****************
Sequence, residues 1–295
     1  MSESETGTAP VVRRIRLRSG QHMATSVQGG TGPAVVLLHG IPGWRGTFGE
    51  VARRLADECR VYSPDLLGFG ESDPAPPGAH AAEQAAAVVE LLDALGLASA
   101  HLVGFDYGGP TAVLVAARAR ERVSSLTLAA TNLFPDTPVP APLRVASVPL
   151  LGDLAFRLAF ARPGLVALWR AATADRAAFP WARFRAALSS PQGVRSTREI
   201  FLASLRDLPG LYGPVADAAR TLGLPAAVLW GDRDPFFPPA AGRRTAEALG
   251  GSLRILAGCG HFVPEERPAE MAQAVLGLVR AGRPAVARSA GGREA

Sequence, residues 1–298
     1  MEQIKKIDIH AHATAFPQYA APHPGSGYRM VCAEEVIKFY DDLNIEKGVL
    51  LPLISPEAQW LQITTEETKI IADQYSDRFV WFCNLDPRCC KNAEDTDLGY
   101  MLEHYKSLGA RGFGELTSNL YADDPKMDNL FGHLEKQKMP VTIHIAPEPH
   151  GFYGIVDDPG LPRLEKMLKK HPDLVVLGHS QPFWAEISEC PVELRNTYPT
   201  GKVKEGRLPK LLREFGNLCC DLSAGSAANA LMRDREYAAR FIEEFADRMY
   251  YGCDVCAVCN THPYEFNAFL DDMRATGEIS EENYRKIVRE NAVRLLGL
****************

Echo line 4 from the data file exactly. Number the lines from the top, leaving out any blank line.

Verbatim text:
   101  HLVGFDYGGP TAVLVAARAR ERVSSLTLAA TNLFPDTPVP APLRVASVPL